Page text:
Presented like this, this sounds like a ridiculous question. Aren’t ‘cure’ and ‘healing’, synonyms? One author at, least, thinks not, and for important reasons. There are significant differences between these terms.
‘Cure’ is seen as symptomatic of western culture. It is associated with immediacy.
‘Healing’ is different, in that it is concerned with the whole person. It may involve a difficult personal journey in which pain and suffering must be faced and addressed,—and answers found.
This is true, even if present coping devices have to be abandoned and restructured, perhaps several times over.
Thus, ‘healing’ is a much deeper, and character-building process; being ‘zapped’ and ‘cured’ could masquerade as healing, but in fact be an avoidance of deeper issues to be faced.
A concern for a ‘cure’ (to the exclusion of all else) is thereby a reflection of character. It is the small child, or the teenager, who want immediacy. Or even politicians. As when Gordon Brown suggested more consumerism, as a solution to problems caused by comsumerism.
One thing seems certain in western societies—and that is that suffering is not viewed as a constructive part of character-building and maturity. Yet suffering can, hard as it sounds, lead to opportunities for creativity and newness.
In varying degrees, we all experience suffering and loss. It is how this suffering is interpreted and built into our experience that is crucial. For some this suffering leads to despair, and the destruction of the person, anger and fury.
Although it might take years, for others it leads to restoration, love and forgiveness.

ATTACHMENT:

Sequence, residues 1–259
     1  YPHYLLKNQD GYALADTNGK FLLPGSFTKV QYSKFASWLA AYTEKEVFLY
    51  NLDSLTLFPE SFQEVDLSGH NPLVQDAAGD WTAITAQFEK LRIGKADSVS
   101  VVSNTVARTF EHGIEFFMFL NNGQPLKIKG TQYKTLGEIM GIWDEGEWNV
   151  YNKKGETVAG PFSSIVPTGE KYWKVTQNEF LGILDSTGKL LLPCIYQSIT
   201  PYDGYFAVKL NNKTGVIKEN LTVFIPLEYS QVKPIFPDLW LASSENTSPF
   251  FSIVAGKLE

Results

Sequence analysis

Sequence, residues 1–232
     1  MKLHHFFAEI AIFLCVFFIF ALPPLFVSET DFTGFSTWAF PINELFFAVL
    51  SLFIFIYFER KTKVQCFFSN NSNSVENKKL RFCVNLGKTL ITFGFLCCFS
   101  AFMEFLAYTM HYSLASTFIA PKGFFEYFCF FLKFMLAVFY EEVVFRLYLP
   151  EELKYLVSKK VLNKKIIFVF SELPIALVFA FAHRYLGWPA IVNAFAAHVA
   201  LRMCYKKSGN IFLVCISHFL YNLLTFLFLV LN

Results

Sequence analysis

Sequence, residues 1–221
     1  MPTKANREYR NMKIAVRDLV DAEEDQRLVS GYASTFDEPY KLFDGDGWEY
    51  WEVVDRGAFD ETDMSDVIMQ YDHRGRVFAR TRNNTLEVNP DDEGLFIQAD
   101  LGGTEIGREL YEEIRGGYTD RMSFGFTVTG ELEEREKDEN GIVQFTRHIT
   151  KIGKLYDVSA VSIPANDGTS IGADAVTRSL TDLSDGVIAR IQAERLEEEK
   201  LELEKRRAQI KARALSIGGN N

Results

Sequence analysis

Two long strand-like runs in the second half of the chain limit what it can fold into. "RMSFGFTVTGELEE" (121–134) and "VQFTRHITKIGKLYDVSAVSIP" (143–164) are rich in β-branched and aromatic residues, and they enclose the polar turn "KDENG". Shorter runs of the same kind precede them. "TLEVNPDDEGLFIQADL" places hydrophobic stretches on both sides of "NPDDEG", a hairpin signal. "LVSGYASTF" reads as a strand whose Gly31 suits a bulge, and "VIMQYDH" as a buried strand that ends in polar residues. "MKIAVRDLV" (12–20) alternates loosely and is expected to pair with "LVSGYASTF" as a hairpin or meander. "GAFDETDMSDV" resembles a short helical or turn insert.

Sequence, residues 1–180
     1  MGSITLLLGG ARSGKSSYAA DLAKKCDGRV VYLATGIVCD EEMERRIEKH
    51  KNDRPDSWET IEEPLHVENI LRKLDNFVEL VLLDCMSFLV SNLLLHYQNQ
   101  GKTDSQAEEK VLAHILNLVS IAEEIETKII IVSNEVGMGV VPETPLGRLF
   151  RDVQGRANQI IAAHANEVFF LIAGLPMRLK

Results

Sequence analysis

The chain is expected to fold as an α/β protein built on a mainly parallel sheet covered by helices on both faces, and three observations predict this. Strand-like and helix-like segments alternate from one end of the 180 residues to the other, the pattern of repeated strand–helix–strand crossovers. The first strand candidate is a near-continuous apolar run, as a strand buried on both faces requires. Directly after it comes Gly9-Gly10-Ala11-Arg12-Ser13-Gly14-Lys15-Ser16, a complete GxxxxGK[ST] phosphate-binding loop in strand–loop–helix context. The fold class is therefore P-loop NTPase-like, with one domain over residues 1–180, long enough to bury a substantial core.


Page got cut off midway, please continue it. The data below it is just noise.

As Scott Peck points out, it often the person who is suffering who helps a whole group to find community, not the polite and formal person, attuned to ‘appropriate’ responses.
One place where pain is expressed in ancient literature is the Psalms. These songs often move through a distinct pattern of what one theologian refers to as ‘orientation-disorientation-reorientation’.
This mirrors contemporary western experience. People need stability for society, and themselves, to function. Life needs to be mostly predictable: ‘orientated’ towards social norms. But in times of suffering, total disorientation can enter in. A person (or society) may fall apart completely. Rage and despair take over.
But time and again, the ancient Psalmists find a new orientation, where despair is replaced by hope, and newness, and praise. Though they ‘pass through the valley of the shadow of death … [yet] … surely goodness and mercy shall follow me …’ (Psalm 23).
This, then, is the difference. ‘Cure’ is immediate. There is little by way of impact on the whole person.
‘Healing’ involves a journey out of infantilisation and narcissism, into maturity and is now replaced by attempting to face life’s most painful problems, a painful experience in itself. The answers found may be pro tem; but this is better than staying an infant.
Healing is a journey, a frequently painful one, but this is infinitely to be preferred to short-term fixes that are likely to do no more than entrench attitudes that never move on.
What is sadder than the fifty or sixty-something, who lives in the past, and whose creativity is thus diminished, and ever more so with the passing of the years?